Files in Python

Most of the famous applications have been developed using Python, that main purpose is extensive file handling operation.

I had been assigned to create a Unix shell script which has to read the input files from different FTP location and parse that content of files with proper data structure format to pass it as input for DM express tool (It’s a business intelligence data integration tool).

With Unix Shell scripting, you can perform file read operation using control flow commands such as “For” & “While” , which is kind of I/O operation and suitable for small files  handling but the requirements is to read large files which will have Rx (tablets), doctor prescription information that’s been sold in each and every medical Shop of each location across the countries. You can imagine how big the file will be!

You can imagine how big the file will be!

So I was looking for a scripting language that uses professional file handling operation and found that the additional language of Perl & Python in the Unix server machines as pre-installed.

Perl has incurred powerful file operations that perform rapid I/O operations on file but my further requirements on parsing the file were not achievable with Perl.

So I chose Python and amazed the file I/O operations with contents parsing.
With file operations in Python, you can perform it on a single file, multiple files, file stream, zipped file & tar file directly.

The basic file operations in Python is,

  1. Open,
  2. Read
  3. Write
  4. Append
  5. Close

Let’s go directly with simple file read operation,

>>> fileobj = open("Python_train","r") -- File object.
>>> fileobj.read()  --Reading the file thorugh the file object.
'This is the first line\nsecond line\nthird line\ni think, this is enough and will write further whenever needed\n'
>>> fileobj.read()
''  --File object can be referenced only one time.

In Python, everything is an object, so whatever you want to reference in Python can be handled as an object. As shown in the above example, first I have created the file object (fileobj) which referenced the opening the file in reading mode.  In the next line, the file object has been referenced to access the contents of the files.

You should have noticed additional character “\n” which is to move the printing position to the start of the next line and this will be very helpful when you parse the file.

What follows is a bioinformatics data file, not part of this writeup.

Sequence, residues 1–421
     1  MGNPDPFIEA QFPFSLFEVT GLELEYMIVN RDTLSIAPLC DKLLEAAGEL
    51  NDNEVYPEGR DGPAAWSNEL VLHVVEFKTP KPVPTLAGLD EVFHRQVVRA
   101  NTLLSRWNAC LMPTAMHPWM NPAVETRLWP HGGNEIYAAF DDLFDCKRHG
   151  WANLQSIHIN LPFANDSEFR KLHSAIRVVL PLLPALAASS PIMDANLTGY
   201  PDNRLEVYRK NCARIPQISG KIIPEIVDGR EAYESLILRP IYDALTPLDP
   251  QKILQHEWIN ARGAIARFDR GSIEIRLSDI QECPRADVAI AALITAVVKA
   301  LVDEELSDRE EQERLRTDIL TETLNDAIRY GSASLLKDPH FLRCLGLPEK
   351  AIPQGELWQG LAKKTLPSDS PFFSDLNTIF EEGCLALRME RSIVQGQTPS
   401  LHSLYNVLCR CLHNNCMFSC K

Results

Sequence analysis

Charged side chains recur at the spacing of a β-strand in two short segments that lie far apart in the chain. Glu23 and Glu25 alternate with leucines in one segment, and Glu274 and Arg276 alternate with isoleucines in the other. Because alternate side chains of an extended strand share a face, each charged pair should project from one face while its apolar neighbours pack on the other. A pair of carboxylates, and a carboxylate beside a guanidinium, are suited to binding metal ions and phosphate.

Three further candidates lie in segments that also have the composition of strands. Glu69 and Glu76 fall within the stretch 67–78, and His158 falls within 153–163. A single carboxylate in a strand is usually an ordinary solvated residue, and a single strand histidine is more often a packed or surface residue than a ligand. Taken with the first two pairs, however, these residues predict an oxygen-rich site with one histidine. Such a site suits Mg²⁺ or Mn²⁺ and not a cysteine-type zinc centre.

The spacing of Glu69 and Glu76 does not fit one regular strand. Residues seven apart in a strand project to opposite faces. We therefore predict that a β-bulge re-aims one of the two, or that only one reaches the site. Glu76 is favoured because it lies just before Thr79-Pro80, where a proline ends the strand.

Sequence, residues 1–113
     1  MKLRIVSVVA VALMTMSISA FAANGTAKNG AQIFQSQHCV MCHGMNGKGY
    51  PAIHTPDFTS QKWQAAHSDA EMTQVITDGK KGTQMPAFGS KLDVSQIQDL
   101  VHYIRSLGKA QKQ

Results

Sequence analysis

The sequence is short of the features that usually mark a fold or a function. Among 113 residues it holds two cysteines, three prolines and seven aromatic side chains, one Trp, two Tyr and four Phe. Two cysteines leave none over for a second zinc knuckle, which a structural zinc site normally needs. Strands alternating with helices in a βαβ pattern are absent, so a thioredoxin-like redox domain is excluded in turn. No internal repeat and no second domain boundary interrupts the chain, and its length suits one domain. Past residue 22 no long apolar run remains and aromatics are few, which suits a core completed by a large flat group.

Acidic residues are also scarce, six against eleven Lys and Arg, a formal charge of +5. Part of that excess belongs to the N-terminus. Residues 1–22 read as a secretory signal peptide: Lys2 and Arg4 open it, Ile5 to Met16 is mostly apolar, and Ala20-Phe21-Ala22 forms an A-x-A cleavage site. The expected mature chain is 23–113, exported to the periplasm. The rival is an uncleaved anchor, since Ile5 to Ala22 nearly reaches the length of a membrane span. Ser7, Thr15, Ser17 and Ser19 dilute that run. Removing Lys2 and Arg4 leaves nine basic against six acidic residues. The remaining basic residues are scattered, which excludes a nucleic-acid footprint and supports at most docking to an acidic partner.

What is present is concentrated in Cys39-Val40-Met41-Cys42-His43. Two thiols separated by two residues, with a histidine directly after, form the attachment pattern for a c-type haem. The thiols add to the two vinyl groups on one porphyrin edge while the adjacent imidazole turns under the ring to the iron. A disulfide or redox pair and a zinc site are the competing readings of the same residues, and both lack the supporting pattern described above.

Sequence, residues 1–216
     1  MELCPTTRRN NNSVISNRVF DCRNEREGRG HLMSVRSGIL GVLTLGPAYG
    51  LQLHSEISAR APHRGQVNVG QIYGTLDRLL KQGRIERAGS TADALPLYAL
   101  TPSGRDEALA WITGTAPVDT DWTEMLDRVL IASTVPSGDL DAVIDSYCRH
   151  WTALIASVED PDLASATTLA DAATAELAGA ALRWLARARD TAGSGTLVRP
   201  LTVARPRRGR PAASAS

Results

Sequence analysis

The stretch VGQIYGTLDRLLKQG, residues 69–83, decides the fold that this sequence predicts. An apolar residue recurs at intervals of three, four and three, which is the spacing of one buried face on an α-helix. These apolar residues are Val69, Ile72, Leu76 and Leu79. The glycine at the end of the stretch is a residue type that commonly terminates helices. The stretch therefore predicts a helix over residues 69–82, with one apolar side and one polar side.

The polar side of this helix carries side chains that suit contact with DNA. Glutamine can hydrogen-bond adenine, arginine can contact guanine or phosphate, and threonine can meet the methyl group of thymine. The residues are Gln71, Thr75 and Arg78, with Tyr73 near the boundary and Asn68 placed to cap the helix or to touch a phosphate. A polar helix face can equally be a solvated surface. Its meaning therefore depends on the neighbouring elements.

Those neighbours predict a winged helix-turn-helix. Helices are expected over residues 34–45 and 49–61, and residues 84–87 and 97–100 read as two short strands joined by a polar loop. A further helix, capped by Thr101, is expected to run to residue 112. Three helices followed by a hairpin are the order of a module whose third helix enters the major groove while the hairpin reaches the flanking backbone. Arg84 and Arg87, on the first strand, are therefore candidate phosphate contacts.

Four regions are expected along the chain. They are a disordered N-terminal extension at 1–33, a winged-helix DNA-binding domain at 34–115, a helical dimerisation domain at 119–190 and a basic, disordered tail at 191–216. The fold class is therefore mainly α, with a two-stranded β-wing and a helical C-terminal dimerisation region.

Readline()
>>> fileobj = open("Python_train","r")
>>>
>>> fileobj.readline()   --File obj to read the content of file one by one.
'This is the first line\n'
>>> fileobj.readline()
'second line\n'
>>> fileobj.readline()
'third line\n'
>>> fileobj.readline()
'i think, this is enough and will write further whenever needed\n'
>>> fileobj.readline()
''

With the same open command, we can write in the file be using fileobj as shown below,

>>> fileobj = open("Python_train","w")
>>> 
>>> fileobj.write('This is first line written with fileobj')
>>> fileobj.write('This is second line written with fileobj')
>>> fileobj.write('This is third line written with fileobj')
>>> fileobj.write('This is final line enough written with filobj')

Now there is another method to readlines()

>>> fileobj = open("Python_train","r")
>>> fileobj.readlines() -- whole file read as single line in list format
['This is first line written with fileobjThis is second line written with fileobjThis is third line written with fileobjThis is final line enough written with filobj']
>>>

So what is the difference noticed here when using read() & readlines() method over the fileobj?  the whole file has been read as one line whereas the read method read the whole file with new line (“/n”) separator.

So the file object method can be used based on your requirements while we parse the files. Further, if you are in need of reading the file on specific character position, we can pass the parameter as character position to the read() as below,

>>> fileobj = open("Python_train","r")
>>> fileobj.read(10)  -- Read only first 10 character from file
'This is fi'
>>> a = fileobj.read(20) -- Read only first 20 character from file 
>>> print a
rst line written wit --Since the first 10 character in the file has been read, the next read start with remaining position.